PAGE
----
The Diocese of Charlotte is holding a Vigil for Liberty with Eucharistic adoration at St. Patrick Cathedral just a mile away from the Democratic National Convention.

"The Catholic Diocese of Charlotte is pleased to offer a gift to our nation, and that is over 80 hours of Eucharistic adoration and prayer for our country," Bishop Peter J. Jugis said in his homily for the vigil's Sept. 4 Mass.

"We are keeping our attention and our hearts fixed on Jesus," he said.

The vigil began the morning of Monday, Sept. 3 and will run through 9 p.m. on Sept. 6.

Bishop Jugis said the faithful are "making great sacrifices" to come at all times of the day to pray for their country.

Prayer, he said, "keeps us attuned to listening to God."

"All of our work on behalf of the unborn, all of our work on behalf of marriage and the family and for religious liberty, all of our work for the poor and for immigrants and for all social justice concern, are all deeply rooted in Jesus."

David Hains, the Charlotte diocese's communications director, told CNA Sept. 5 that as the Democratic National Convention approached the diocese began to receive "a lot of inquiries" from organizations and individuals in the diocese. They wanted to know how the diocese was going to respond to "this platform question or that candidate, or that sort of thing."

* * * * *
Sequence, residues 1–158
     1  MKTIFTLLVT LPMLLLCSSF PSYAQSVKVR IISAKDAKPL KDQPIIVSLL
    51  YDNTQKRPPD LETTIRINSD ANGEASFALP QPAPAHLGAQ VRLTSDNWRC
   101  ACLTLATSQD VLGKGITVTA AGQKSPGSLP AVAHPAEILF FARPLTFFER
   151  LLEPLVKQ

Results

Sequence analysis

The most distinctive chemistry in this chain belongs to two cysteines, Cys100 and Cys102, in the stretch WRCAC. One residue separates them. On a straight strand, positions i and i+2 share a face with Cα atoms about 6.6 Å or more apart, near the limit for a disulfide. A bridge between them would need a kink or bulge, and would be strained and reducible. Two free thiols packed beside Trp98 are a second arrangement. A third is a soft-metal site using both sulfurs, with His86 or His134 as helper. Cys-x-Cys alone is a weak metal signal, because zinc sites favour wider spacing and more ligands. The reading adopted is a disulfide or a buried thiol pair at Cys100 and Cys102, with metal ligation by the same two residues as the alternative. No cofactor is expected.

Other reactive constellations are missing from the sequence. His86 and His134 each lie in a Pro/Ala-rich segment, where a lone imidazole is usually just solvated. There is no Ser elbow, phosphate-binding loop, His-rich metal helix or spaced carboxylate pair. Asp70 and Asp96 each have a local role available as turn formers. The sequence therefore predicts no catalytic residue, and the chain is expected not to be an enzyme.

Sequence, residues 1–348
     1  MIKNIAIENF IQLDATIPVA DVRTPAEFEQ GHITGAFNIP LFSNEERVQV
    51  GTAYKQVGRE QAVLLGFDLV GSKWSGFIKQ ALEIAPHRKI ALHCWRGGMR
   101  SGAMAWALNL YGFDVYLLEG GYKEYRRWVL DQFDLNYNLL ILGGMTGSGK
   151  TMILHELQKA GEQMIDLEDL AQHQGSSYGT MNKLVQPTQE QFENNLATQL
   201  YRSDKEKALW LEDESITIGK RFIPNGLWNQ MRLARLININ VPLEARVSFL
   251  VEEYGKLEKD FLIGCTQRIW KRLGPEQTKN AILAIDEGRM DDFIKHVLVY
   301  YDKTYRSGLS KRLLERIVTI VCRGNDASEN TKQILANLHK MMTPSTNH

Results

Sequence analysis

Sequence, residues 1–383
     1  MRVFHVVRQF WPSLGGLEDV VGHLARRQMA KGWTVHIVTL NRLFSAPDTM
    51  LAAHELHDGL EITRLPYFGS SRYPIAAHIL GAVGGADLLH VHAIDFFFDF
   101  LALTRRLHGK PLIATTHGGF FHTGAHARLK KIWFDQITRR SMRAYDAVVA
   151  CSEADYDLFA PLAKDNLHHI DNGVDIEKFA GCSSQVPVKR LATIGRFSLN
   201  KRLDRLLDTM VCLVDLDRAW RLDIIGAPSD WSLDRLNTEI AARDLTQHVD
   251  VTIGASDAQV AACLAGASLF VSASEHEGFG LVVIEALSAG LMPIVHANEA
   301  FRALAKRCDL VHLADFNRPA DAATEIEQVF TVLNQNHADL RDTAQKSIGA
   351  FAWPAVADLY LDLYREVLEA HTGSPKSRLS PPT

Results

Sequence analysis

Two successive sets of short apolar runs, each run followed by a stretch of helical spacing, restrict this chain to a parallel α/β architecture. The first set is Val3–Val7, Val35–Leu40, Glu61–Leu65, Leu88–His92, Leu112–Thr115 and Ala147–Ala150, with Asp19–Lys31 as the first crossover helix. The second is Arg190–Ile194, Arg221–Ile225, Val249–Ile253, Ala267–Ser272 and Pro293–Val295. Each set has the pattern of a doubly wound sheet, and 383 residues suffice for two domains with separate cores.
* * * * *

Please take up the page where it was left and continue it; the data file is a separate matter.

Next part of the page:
"We thought the best response for political questions is prayer," he said.

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Hains said the vigil's organizers hope the prayer event will help advance "thoughtful reflection" among everyone, including politicians, reporters and protesters at the Democratic National Convention.

Bishop Jugis also had the diocese hang two large signs on the property of St. Peter's Catholic Church, which is across the street from where the convention is being held.

One six-foot by 10-foot banner proclaims "Religious Liberty, The Soul of Democracy," while a six-foot by 27-foot banner reads, "Protect the Unborn, Defend Marriage, Safeguard Religious Liberty."

Hains said the signs are "being seen far and wide."

Bishop Jugis' Sept. 4 homily warned Catholics that their witness would not be easy.

"The mission to bring gospel values to our culture will always be accompanied by the cross," he said.

"There is no Gospel without suffering," he continued. "There will be struggle, there will be rejection."

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Prayer is essential "so that we always stay in Christ's grace and Christ's love."

"Without prayer," he said, "strong headwinds will blow us away."

However, Bishop Jugis looked to the Jesus' Resurrection as a sign of hope.

"The lesson of the cross is that divine love always prevails," he said.